En español | Ah, the West, where signature foods range from pies and french fries to seafood stew and a few dogs, too, the meat-filled kind. These 13 dishes define some very different states spread across the Western U.S.
Alaska: Reindeer sausage
Watch out, Rudolph. This sausage, a staple on Alaskan menus, really does have reindeer meat in it. "It's more similar to a beef smoked sausage or kielbasa than, say, a pork breakfast sausage," says Maya Wilson, author of the Alaska From Scratch Cookbook. "They have a nice snap when you bite into them, not unlike bratwurst." (Her favorite spot for reindeer weenies is Hot Dogs a la Carte in Soldotna, Alaska, a few hours south of Anchorage.)
Arizona: Sonoran hot dogs
An all-beef frankfurter wrapped in bacon. That's the meaty centerpiece of the Sonoran hot dog, which is swaddled in a large football-shaped bun; covered in beans, onions, jalapeños, mayo, and other sauces; and served with a grilled yellow chili pepper on the side. Your cardiologist may cringe, but Arizonans take pride in this iconic Southwestern junk food (also known as a Mexican hot dog, given its south-of-the-border origins). Good places to try one include El Güero Canelo, with three Tucson locations, and the Phoenix hot dog stand Nogales Hot Dogs.
The Picture Pantry / Alamy Stock Photo
A hearty stew of mixed seafood and tomato sauce spiked with garlic and herbs, cioppino was introduced to San Francisco by immigrant Italian fishermen from Genoa sometime around the mid to late 1800s (its name probably comes from "ciuppin," the Genoese word for "little soup"). The first restaurant known to have served cioppino is Alioto's, still in business after more than 90 years on the city's Fisherman’s Wharf. Or you can get a top-notch bowl at Phil’s Fish Market in Moss Landing, near Monterey (Phil's also serves another must-try San Francisco treat, Dungeness crab). You're not done with cioppino until you've sopped up the briny broth with a chunk of crusty bread — preferably sourdough.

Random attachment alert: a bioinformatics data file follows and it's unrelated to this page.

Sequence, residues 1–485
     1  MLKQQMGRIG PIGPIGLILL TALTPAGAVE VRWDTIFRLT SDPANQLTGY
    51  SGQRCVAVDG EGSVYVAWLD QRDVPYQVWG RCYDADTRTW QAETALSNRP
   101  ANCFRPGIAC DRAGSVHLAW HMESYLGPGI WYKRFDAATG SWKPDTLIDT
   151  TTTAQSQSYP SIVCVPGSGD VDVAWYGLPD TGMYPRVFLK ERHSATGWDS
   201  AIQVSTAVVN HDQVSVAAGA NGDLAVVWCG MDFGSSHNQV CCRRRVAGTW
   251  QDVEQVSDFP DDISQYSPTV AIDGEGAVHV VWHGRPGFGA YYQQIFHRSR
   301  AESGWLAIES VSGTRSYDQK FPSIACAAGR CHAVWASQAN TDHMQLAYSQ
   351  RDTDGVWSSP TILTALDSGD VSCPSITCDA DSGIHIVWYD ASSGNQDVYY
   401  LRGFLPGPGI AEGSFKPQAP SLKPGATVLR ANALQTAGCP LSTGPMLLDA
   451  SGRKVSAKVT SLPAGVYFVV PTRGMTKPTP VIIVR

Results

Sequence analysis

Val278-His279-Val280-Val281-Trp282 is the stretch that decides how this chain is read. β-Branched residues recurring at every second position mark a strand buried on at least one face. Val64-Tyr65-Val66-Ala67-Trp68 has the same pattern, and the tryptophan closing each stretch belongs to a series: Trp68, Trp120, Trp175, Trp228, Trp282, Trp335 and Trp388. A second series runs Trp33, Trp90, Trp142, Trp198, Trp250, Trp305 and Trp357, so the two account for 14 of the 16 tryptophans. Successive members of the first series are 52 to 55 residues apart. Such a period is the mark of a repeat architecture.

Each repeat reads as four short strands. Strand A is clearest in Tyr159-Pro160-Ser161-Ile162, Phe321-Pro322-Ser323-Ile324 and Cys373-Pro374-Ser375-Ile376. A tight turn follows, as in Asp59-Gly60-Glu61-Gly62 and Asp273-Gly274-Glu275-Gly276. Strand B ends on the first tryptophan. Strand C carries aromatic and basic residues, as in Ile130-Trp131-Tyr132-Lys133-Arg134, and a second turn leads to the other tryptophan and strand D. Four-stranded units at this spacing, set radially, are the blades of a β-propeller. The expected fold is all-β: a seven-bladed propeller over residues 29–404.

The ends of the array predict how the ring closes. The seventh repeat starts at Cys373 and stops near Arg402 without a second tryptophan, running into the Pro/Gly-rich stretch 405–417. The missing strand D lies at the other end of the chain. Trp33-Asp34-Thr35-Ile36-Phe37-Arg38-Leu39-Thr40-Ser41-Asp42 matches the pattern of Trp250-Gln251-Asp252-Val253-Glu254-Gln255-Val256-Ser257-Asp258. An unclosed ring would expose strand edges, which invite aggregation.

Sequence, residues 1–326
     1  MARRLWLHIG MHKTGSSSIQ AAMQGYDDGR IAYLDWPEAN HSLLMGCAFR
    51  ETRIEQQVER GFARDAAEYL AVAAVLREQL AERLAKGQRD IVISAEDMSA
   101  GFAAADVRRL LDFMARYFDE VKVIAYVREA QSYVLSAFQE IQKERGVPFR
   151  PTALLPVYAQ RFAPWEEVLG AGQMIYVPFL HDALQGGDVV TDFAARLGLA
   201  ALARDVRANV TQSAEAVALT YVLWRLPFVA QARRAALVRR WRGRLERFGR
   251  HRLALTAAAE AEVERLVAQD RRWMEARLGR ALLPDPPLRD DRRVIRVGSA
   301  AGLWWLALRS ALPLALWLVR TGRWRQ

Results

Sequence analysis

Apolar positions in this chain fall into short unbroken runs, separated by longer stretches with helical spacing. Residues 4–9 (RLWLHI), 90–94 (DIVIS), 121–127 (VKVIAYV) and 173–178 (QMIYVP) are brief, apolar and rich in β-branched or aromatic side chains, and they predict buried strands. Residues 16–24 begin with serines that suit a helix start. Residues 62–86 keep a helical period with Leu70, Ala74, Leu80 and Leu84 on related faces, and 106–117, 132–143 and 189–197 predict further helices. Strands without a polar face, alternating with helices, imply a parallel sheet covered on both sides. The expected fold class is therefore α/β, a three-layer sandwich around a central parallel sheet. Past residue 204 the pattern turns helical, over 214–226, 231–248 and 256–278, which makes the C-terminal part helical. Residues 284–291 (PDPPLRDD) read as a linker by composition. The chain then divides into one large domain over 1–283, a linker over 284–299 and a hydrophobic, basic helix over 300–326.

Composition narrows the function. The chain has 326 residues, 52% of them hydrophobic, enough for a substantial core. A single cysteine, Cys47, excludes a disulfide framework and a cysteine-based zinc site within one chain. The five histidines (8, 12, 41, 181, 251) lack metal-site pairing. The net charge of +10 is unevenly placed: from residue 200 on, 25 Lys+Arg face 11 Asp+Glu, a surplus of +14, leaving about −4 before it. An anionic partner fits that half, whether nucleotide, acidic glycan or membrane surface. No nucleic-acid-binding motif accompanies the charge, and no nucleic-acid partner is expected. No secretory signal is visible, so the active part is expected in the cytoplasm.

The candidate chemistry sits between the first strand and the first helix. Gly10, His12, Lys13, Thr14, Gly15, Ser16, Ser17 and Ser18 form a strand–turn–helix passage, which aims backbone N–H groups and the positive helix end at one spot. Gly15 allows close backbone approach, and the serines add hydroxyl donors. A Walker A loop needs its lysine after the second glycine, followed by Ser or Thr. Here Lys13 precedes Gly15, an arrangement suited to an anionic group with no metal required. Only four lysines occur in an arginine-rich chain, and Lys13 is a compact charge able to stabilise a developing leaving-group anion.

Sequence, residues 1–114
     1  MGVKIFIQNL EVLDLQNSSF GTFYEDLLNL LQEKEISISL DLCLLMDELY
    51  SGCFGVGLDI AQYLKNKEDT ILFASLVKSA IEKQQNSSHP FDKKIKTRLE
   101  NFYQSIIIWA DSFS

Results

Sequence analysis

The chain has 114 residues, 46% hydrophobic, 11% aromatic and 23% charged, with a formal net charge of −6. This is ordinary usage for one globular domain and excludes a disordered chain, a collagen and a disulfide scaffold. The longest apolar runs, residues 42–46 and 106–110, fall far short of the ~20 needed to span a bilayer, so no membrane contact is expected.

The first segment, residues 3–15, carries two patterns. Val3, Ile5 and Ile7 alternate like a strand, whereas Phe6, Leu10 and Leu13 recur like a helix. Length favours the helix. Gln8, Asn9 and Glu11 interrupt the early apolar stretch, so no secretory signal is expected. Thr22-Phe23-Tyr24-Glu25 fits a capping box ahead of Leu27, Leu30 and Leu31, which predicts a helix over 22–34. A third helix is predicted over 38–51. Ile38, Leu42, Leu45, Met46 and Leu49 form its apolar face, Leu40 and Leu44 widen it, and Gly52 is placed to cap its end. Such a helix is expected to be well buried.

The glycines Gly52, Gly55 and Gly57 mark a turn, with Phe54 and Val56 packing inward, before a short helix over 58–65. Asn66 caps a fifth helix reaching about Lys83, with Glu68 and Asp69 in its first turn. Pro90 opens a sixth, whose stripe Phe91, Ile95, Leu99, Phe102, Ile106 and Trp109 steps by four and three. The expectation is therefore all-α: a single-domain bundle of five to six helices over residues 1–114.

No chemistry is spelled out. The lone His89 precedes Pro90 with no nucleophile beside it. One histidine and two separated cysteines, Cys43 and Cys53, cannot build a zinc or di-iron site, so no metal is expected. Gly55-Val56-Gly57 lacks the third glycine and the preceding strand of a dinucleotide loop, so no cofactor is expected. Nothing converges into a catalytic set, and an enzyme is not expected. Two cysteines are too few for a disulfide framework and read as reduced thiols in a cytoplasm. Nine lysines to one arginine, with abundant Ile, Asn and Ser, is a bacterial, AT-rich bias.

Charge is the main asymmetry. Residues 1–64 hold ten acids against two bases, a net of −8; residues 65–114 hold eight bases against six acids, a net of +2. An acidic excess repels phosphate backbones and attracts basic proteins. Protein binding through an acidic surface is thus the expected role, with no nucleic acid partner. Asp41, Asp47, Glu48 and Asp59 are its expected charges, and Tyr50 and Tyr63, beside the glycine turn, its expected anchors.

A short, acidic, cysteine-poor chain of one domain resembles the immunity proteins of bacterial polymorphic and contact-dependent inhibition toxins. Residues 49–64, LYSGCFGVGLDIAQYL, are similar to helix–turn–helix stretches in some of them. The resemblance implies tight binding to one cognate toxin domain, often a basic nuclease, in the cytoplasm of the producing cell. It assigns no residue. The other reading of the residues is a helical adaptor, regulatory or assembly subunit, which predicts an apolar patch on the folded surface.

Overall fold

Colorado: Rocky Mountain oysters
The word "gross" springs to mind when discussing these so-called oysters, which are actually bull or buffalo testicles. But, rolled in flour with salt and pepper and deep fried, they have become a dish that some Coloradans adore (with all the requisite jokes). Yes, some say the meat tastes like chicken, but other fans compare the flavor to veal and the consistency to scallops. Bruce's Bar in Severance is known for the delicacy, and baseball fans at Denver's Coors Field can order Rocky Mountain po'boys (Rocky Mountain oysters topped with garlic slaw, guacamole, green chili ranch dressing, pico de gallo and cotija cheese on a roll).
Hawaii: Spam musubi
Want to eat like a true Hawaiian? Take a break from poke and try this sweet-and-savory and (no joke) delectable staple — a block of pressed rice with a slice of Spam fried in a special soy sauce-sugar glaze, all wrapped in dried seaweed. Nearly everyone in Hawaii eats this as an easy grab-and-go snack or light meal, which is why Spam musubi (pronounced MOO-subi) is sold at virtually every convenience store, market and lunch joint in the state. Fun fact: Hawaiians, who have been Spam fans since World War II, have, hands down, the highest per capita consumption of Spam in the country — about five cans per person annually.
Idaho: Finger steaks
There is robust debate about the invention of finger steaks but the dish is fairly straightforward: Strips of steak that are battered, deep-fried and typically served with French fries. They've been a staple at Boise drive-ins since 1957, and have since spread across the entire state, according to Lou Aaron, owner of Westside Drive In in Boise, who still uses a handwritten recipe from 1963. Aaron says the kitchen prepares about 450 orders every week.
Montana: Huckleberry pie